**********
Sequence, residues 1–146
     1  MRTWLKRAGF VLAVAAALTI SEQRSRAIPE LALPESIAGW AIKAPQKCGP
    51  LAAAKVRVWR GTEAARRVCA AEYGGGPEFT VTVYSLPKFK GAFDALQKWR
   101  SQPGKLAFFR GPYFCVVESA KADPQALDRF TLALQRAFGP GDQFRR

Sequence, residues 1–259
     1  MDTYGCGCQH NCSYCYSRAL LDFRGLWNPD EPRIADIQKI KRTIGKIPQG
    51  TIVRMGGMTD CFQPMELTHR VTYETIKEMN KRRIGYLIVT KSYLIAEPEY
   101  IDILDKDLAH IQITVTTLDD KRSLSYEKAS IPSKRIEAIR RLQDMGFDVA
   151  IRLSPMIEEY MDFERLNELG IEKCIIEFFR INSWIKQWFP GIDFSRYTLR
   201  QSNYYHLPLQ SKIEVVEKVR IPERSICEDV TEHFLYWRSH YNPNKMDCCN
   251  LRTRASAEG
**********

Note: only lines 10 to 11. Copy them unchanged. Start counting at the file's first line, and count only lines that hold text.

   201  QSNYYHLPLQ SKIEVVEKVR IPERSICEDV TEHFLYWRSH YNPNKMDCCN
   251  LRTRASAEG